Toronto Public Health Urges Vigilance as Mpox Cases Surge in the City

Monkeypox Vaccine

Toronto ON – Toronto Public Health (TPH) has issued a stark warning to city residents as cases of mpox, formerly known as monkeypox, surge in the metropolitan area. Confirming 21 cases of the virus since the beginning of the year, TPH highlights a concerning uptick compared to the 27 cases reported throughout the entirety of 2023.

Mpox, a highly contagious virus, spreads through various means including contact with infected lesions, body fluids, respiratory secretions, contaminated materials, and animal bites or scratches. Symptoms typically include fever, headache, muscle aches, exhaustion, swollen lymph nodes, followed by a rash or blisters, particularly around the genitals.

Of particular concern is the fact that mpox is predominantly spreading through close or sexual contact, with gay, bisexual, and other men who have sex with men being the most affected demographic. This underscores the urgent need for heightened vigilance and preventive measures within these communities.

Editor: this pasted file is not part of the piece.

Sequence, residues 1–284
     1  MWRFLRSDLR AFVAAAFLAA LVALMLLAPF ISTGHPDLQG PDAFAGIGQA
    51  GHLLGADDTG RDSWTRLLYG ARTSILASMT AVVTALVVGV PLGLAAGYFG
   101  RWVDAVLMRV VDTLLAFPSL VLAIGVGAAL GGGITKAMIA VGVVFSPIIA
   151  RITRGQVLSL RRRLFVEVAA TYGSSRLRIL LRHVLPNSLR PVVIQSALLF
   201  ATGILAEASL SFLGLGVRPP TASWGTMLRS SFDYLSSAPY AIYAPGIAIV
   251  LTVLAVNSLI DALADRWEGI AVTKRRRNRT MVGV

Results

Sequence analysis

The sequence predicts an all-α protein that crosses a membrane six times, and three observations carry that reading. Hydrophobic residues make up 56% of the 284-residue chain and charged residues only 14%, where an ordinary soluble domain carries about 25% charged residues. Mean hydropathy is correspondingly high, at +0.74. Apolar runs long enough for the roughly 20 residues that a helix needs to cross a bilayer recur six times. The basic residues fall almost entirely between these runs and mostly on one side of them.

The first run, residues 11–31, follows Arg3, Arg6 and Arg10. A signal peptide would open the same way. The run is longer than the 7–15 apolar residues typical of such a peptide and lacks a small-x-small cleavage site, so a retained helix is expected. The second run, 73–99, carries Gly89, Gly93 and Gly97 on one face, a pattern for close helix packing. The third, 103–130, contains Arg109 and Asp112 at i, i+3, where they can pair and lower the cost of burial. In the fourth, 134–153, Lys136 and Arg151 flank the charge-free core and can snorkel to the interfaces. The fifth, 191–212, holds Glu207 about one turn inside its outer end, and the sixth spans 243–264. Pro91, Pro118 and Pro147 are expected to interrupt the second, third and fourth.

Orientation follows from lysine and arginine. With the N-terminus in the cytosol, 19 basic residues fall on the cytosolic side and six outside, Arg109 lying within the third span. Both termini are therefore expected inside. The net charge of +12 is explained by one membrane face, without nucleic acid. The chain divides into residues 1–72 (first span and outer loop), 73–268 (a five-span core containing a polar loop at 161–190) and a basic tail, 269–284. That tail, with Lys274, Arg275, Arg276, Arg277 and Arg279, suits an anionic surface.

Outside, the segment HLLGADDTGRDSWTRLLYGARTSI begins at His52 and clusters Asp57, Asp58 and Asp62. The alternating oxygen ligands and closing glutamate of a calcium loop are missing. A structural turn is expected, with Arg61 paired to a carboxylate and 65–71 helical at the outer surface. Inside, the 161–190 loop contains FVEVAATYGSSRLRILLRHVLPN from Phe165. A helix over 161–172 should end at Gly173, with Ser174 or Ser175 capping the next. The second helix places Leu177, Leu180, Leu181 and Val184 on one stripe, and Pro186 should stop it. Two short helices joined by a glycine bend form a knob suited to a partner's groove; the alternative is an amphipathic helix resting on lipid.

Dr. Eileen de Villa, the Medical Officer of Health, stressed the importance of vaccination in combating the spread of mpox. “Amidst increased cases of mpox in Toronto, it’s important to recognize that cases are predominantly non-travel-related, emphasizing the importance of vaccination,” Dr. de Villa stated. “Completing the two-dose vaccination series provides the best protection against mpox and helps reduce serious symptoms.”

Devan Nambiar from the Gay Men’s Sexual Health Alliance echoed these sentiments, emphasizing the need for members of the LGBTQ+ community to prioritize vaccination. “We want to remind cis and trans gay, bi, queer, and all men who have sex with men, to get their first and second dose of the mpox vaccine,” Nambiar stated. “Mpox has not been entirely eradicated, and we want you to take care of yourself and protect your sexual partners.”

The surge in mpox cases in Toronto is not significantly linked to travel, indicating local community transmission. TPH advises individuals planning to travel to get vaccinated before departure to mitigate the risk of contracting and spreading the virus.

The mpox vaccine is freely available to eligible residents, and an OHIP card is not required. Residents are encouraged to inquire about vaccine availability at their sexual health care providers.

Toronto residents are urged to remain vigilant and take proactive steps to protect themselves and their communities against mpox. For more information, including eligibility requirements for vaccination, residents can visit the City’s mpox webpage at

As the city grapples with this surge in cases, public health officials stress the importance of collective action and adherence to preventive measures to curb the spread of mpox and safeguard public health in Toronto.

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